The carports also were designed to complement the university's 370-acre hilly campus. Lot 6, for example, is set on a hillside and comprises six tiers, each 10 to 15 feet higher than the previous one. The tiers also follow the curvature of the hillside.

"It was really challenging to design these facilities," Krempecke says.

ProTek Park Systems of Cincinnati, Ohio, manufactured the parking structures.

On the rooftops, SunDurance used the PanelClaw installation system, a three-point non-penetrating roof-top mount by PanelFlow, of North Andover, Massachusetts.

Krempecke says they chose the PanelFlow system based on their past experiences.

"They came out with a relatively new product at a time when we were spending a lot of time researching it," he says. "In each of the installations, it would rank in the top tier."

Altogether, the roof-mount and carport project involved 11,780 230-watt polycrystalline Yingli Solar panels from Yingli Green Energy of Baoding, China.

Past experiences with the product, as well as price, reliability, and availability, played into its choice for use at William Paterson University, Krempecke says.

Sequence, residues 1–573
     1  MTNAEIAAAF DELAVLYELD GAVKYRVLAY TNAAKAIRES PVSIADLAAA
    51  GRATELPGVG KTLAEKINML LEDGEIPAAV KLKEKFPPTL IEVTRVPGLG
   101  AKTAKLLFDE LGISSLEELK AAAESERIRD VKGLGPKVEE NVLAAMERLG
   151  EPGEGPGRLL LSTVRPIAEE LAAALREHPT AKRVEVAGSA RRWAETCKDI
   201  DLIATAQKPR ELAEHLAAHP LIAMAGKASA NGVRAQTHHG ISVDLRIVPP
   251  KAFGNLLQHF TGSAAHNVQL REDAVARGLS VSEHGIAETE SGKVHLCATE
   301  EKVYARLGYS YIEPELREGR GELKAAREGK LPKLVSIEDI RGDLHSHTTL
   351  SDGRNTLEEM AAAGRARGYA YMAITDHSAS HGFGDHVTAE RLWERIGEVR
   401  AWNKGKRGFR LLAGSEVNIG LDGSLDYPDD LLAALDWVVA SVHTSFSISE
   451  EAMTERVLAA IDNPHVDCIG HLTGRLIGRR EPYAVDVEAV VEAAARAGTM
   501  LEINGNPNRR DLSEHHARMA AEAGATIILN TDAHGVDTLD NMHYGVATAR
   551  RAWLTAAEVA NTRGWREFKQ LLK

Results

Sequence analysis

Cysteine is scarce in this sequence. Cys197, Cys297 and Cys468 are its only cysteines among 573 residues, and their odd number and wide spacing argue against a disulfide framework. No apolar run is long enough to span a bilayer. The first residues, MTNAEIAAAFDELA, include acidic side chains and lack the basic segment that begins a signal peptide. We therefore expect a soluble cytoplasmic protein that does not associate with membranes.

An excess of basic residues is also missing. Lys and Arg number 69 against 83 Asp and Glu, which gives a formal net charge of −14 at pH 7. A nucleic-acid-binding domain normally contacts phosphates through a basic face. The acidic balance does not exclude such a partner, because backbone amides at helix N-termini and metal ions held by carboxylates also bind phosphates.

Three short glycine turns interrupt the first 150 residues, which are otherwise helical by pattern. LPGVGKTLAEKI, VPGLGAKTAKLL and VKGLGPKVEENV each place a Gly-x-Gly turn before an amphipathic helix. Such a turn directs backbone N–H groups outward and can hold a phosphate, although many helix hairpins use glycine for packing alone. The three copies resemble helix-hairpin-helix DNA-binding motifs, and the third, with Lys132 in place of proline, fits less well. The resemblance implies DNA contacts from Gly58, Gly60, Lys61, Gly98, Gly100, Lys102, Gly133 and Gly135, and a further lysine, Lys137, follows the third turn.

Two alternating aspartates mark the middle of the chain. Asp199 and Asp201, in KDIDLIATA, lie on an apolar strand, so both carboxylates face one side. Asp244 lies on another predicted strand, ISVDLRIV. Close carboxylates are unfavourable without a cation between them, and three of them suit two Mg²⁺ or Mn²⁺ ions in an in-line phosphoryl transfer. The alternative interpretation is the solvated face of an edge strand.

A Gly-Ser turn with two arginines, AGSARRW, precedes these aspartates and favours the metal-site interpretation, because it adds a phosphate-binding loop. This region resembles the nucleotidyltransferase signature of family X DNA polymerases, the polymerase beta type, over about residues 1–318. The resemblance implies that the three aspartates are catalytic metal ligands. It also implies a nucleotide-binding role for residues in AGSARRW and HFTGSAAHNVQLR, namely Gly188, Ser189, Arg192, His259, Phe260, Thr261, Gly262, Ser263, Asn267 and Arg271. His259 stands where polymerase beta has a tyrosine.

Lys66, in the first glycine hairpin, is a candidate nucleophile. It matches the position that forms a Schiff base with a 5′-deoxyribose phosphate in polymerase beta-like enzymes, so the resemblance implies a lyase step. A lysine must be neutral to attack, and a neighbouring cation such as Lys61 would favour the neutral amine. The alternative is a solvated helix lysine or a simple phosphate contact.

Relationships also played into the use of PV Powered inverters from Advanced Energy of Fort Collins, Colorado.
"We have preferred vendors for equipment—based on price and warranty and the strength of the company," he says.

William Paterson University isn't stopping with 3 MW, Bolyai says. University leaders are looking to add another 500 KW of roof-mount PV on top of a few additional buildings as soon as rooftop improvements are completed.
A new 1,000-space parking garage, which is in its infancy, will also feature rooftop PV panels.

"We're just in the process of selecting an architect for the garage," Krempecke says. "We've even looked at having wind turbines on campus. We haven't gotten too far into it because of concerns about 300-foot towers. Alternatively, we're looking at smaller versions of those.

"We're also investigating replacing fixtures with LED [lighting]. It's an ongoing activity. It's very embedded in what we're doing here."

July/August 2011